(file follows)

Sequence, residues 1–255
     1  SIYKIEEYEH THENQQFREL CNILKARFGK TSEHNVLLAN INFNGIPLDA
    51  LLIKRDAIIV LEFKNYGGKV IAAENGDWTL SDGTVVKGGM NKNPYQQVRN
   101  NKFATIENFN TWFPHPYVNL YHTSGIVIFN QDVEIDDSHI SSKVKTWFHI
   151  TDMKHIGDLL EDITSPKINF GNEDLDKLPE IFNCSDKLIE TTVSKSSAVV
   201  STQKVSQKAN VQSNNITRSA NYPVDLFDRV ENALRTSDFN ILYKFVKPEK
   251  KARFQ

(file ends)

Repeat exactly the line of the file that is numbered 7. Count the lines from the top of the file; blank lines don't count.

   251  KARFQ